- Mike Quitko announces his retirement
- Turner named Canada’s U-18 head coach
- NHL’s Islanders draft Devon Toews
- Recent graduate killed in motorcycle accident
- Former student arrested after bomb threats
- Bomb threat delays third commencement ceremony
- University lays off 16 professors, hires 12
- McLean verbally commits to Quinnipiac
- Canisius rallies past Quinnipiac baseball
- Student charged with second-degree burglary
Quinnipiac tuition rises 27 percent since 2008-09
Putting a price on education
Returning Quinnipiac students and incoming freshmen will have to reach a little deeper into their pockets next fall if they intend to pay for their education.
The new, higher prices have some students scrambling to pay the bills.
“I pay for my own schooling for the most part. My parents helped me the first year or so and after that I was on my own,” junior Teresa Santos said. “I rely on loans to stay here. This just means that I will be paying off my loans for longer than I planned.”
Despite the increased tuition prices, Quinnipiac still ranks behind Connecticut College, Trinity College, Wesleyan University and Yale University in total cost per year of undergraduate study in the state.
“The process of setting tuition, room and board for the next fiscal year begins in the fall when the Cabinet officers and deans submit anticipated budgetary needs that are consistent with anticipated enrollment and necessary to meet their institutional goals,” Vice President for Public Affairs Lynn Bushnell said in a statement. “Every effort is made to keep our increases to a minimum.”
Junior Jake Campbell understands the rationale behind the tuition pricing, but hopes that he can see more tangible evidence of his investment.
“A tuition hike is something that is inevitable at a school like ours and that’s a shame,” Campbell, who pays for his own schooling, said. “It means that students are going to have to find a way to come up with [more money] out of their own pocket. And for what? I probably won’t even see where my money is going.”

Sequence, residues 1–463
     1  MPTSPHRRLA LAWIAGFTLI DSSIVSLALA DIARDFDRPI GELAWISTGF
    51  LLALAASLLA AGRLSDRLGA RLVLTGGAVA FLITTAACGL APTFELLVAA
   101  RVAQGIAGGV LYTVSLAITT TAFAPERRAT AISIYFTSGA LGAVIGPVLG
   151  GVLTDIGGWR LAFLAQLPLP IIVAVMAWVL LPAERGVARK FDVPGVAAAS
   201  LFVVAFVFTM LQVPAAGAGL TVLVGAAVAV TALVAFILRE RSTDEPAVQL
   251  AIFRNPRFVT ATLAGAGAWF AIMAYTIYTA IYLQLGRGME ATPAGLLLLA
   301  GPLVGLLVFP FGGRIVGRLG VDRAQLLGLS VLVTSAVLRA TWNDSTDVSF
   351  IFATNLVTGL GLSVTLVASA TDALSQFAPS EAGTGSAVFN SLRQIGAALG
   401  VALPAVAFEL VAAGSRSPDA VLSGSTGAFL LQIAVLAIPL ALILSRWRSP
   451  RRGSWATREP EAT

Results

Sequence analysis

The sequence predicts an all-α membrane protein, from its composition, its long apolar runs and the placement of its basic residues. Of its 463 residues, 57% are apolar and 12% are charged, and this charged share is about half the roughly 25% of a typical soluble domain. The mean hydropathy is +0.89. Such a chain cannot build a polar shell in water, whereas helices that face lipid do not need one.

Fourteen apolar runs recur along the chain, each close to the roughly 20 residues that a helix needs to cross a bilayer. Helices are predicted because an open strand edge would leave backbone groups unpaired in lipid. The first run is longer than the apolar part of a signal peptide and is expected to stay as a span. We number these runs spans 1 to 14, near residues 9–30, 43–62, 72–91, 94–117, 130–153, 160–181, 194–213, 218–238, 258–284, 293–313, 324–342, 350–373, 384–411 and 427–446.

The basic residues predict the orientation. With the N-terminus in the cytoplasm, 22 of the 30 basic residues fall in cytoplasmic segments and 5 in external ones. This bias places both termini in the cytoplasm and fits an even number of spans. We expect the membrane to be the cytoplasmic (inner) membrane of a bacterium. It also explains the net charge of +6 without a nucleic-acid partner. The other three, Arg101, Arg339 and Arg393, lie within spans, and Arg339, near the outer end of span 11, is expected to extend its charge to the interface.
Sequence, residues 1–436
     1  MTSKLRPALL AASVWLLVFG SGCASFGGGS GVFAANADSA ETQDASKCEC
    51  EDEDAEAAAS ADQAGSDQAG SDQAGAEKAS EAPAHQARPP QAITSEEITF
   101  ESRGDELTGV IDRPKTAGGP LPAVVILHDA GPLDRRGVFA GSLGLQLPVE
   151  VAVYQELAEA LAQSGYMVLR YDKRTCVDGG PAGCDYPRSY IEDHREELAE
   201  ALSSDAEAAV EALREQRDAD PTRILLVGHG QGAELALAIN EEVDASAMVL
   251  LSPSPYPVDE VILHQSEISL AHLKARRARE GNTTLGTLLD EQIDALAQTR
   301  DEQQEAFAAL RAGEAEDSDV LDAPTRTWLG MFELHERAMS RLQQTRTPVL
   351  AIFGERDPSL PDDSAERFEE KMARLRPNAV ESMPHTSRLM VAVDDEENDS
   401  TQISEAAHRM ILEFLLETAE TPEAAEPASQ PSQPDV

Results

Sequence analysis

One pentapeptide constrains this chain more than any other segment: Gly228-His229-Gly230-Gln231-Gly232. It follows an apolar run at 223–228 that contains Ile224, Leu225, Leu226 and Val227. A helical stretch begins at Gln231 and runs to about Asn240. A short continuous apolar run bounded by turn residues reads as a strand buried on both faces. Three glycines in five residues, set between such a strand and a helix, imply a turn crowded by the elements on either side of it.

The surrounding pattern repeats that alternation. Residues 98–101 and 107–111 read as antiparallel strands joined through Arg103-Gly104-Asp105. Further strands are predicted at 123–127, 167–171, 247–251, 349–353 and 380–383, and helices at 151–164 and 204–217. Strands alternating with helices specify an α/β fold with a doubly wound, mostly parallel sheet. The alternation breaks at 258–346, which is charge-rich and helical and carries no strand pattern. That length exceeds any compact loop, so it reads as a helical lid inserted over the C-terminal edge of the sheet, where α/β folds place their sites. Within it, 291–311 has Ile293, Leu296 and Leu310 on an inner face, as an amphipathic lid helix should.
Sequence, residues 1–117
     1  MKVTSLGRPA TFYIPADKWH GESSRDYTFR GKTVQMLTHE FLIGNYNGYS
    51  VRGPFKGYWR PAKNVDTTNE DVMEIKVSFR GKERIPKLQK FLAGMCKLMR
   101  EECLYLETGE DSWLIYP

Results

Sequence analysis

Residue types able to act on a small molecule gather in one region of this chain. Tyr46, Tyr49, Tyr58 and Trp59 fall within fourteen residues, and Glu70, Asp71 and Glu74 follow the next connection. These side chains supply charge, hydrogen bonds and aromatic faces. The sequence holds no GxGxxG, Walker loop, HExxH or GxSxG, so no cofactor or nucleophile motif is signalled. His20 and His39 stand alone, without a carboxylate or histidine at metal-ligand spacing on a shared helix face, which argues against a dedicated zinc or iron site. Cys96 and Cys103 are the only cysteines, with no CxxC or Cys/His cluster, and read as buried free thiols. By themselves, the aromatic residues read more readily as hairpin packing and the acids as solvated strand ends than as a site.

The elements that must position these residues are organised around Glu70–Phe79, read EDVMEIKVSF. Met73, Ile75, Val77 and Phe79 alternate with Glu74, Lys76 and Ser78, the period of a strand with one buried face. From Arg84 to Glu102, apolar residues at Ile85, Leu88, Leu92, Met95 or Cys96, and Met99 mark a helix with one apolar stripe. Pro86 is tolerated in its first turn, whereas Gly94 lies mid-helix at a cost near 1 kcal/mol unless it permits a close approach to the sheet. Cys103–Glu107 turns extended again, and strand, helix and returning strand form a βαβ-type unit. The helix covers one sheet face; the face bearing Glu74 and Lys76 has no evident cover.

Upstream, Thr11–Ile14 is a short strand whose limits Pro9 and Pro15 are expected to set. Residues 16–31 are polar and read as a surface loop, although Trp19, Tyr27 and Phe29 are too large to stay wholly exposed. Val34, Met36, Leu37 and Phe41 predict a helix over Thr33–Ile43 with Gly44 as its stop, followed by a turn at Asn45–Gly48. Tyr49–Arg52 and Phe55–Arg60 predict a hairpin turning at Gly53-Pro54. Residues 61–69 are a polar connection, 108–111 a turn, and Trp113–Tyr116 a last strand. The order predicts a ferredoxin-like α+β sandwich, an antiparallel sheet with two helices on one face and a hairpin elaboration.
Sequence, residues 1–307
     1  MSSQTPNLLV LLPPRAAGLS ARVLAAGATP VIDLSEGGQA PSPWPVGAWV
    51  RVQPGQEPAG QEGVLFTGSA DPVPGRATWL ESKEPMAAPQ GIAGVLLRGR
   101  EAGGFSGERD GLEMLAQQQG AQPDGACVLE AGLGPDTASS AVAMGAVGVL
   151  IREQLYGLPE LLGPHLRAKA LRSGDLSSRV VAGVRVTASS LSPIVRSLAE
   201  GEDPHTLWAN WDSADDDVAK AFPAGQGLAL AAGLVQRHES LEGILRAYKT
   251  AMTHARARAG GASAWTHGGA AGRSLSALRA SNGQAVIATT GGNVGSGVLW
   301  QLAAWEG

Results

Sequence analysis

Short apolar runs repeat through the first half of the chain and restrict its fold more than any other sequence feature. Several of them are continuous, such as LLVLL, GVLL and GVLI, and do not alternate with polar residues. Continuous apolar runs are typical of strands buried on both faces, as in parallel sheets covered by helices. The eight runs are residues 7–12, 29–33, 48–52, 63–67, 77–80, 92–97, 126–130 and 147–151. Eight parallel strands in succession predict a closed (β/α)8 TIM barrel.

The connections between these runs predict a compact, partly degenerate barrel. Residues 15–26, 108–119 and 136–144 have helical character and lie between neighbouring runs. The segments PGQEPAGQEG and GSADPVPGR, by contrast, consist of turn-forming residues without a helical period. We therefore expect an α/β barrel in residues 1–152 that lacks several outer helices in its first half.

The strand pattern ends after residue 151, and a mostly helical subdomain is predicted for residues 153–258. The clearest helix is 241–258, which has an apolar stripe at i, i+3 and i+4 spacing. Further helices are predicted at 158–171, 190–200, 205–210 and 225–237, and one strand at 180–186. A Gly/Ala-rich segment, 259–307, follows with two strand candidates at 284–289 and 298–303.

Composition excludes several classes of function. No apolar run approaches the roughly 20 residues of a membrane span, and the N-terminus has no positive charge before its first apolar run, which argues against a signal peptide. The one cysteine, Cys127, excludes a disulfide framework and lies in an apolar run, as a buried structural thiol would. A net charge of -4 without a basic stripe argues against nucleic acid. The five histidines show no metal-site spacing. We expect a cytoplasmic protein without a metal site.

Both Campbell and Santos recognize their education is an investment that does not have a dollar value. However, Santos feels Quinnipiac’s tuition prices are a bit steep.
“To me you can’t put a value on education, but once I realized that Quinnipiac raises the tuition every year I was ready to transfer because it’s so expensive,” Santos said. “Quinnipiac is a great school and the education is wonderful, but at the end of the day we are just paying for the name.”
Students who pay their way or rely on loans do not need to immediately panic, as the university says it does not raise tuition without also offering more financial aid.
“The senior vice president for finance and the vice president for admissions and financial aid develop a recommendation for tuition, room and board,” Bushnell said. “The recommended rates, along with an appropriate level of financial aid, are then discussed at several cabinet meetings.”
While more financial aid is given to compensate for increases in tuition, some students are looking for an end to tuition hikes.
Campbell believes that the school does not need to raise tuition each academic year because there are other expenditures that can be cut from the university’s budget.
“I think the university could afford to lower tuition considerably,” Campbell said. “If Tom Brady can take a pay cut, why can’t President Lahey?”